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A state judge has dismissed a lawsuit filed by 44 of Florida's 67 school districts that challenged the adequacy of the state's schools.

Judge Ralph Smith of the circuit court in Tallahassee ruled Jan. 31 that the constitutional separation of judicial and legislative powers prevented him from evaluating the legislature's spending priorities.

Wayne Blanton, the executive director of the Florida School Boards Association, said the coalition of school districts will appeal.

"We were hoping to get our facts and figures out before the court because they are very compelling," he said. "Now, we have to get past this issue of separation."

Both the coalition and the legislature have agreed to move the case as quickly as possible to the state supreme court. Prompted by dwindling funds and increasing numbers of mandates, the school districts filed the lawsuit last May.

Aid Hike in Peril

A projected revenue shortfall in Idaho is imperiling a school-aid increase that lawmakers passed last year to help fend off a school-finance suit.

The legislators may have to adjust the state's new school-aid-distribution formula or else districts will find themselves without money they had counted on to help pay heating bills and buy supplies.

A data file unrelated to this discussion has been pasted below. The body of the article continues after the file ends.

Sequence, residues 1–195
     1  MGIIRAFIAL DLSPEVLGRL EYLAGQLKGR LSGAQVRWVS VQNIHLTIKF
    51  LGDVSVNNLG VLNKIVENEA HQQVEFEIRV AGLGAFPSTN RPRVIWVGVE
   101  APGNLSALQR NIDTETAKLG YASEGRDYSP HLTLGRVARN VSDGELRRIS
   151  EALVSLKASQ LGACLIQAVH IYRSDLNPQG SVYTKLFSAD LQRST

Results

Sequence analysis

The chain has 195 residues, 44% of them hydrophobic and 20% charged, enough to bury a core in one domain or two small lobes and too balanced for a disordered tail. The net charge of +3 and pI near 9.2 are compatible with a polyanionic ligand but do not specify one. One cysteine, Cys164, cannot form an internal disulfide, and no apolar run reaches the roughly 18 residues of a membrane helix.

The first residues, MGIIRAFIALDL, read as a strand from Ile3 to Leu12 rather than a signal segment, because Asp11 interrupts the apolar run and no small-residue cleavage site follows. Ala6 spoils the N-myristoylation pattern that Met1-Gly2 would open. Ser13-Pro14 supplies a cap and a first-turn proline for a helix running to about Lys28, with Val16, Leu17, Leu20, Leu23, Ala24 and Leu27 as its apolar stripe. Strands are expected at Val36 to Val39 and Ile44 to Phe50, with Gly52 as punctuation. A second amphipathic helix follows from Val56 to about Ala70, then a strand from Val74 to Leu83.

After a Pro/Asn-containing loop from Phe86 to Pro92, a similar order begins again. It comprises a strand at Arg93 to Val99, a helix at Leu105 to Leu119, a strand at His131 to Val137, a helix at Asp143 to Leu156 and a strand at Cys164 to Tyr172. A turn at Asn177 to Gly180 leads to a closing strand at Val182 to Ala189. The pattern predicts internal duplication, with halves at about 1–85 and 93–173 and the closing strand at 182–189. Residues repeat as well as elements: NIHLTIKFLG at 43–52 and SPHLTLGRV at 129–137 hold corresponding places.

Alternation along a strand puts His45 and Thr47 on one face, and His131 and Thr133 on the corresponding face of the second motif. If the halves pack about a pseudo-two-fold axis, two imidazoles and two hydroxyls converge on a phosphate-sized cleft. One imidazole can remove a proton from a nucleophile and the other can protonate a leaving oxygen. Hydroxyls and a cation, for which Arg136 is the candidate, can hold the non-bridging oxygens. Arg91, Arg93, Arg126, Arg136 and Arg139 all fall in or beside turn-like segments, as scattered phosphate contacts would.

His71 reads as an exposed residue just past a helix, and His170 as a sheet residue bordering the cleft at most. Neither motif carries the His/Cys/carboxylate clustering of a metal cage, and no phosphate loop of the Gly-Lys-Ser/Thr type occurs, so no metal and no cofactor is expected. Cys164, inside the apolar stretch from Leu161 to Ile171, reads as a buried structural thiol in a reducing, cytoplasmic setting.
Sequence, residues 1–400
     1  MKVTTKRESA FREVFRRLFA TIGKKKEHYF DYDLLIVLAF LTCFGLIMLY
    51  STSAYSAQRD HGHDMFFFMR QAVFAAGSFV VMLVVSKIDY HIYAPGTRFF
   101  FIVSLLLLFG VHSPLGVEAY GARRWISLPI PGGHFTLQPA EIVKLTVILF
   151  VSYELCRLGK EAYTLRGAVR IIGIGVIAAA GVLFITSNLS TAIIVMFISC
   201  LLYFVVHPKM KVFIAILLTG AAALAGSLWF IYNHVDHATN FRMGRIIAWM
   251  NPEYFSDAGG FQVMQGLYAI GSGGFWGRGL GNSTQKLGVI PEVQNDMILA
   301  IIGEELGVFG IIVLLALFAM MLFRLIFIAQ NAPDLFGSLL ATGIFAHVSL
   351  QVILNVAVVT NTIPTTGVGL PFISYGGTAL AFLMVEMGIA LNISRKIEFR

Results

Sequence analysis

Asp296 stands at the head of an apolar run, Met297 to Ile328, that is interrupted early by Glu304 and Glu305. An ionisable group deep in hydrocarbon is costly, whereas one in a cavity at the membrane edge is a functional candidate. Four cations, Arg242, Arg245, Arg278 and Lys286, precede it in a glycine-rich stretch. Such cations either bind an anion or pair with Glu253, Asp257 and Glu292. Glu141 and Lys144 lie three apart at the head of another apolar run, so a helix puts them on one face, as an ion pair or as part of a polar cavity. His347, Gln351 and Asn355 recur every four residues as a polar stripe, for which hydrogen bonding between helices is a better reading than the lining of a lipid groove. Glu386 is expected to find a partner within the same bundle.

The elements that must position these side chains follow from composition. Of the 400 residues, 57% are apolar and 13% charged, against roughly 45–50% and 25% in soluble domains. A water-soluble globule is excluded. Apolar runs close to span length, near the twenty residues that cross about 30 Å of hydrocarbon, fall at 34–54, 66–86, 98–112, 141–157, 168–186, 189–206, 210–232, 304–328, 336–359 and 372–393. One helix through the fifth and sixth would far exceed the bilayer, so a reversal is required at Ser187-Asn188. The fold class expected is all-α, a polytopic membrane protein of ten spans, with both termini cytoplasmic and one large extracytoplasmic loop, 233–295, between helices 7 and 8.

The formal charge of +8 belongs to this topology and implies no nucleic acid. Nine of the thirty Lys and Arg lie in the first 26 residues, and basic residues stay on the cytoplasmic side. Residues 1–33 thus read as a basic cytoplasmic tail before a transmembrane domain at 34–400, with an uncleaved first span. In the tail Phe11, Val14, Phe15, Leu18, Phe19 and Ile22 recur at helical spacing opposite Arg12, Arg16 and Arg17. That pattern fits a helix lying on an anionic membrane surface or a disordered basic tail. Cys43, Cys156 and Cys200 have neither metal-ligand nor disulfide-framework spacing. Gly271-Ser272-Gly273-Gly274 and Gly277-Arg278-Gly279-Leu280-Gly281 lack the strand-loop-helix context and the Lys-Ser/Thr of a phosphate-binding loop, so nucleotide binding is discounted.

The new finance program based districts' aid on an index measuring the average education and experience levels of local teachers.

But new data given to legislative analysts show that teachers' education and experience levels are higher than anticipated--meaning salaries could eat up most of the $590 million appropriation.

To stave off shortfalls in district budgets, the lawmakers were considering setting a cap on how much districts could receive under the salary apportionment. Another alternative on the table was to find more money, an unlikely option given the record 17.5 percent increase the legislature approved last year.

Weapons Bill Moves

The Pennsylvania House has passed legislation that would expel for one year students carrying weapons on school property.

The bill defines "weapon" broadly, including firearms, knives, nun-chucks, and a variety of cutting tools, according to a House aide. Local school officials would have the authority to modify the expulsion penalty.

If the Senate approves the measure, Pennsylvania would become the latest state to adopt a so-called "zero tolerance" policy toward school violence.

Congress last year approved a ban on federal Title I funding for districts that failed to adopt expulsion policies for gun-toting students.

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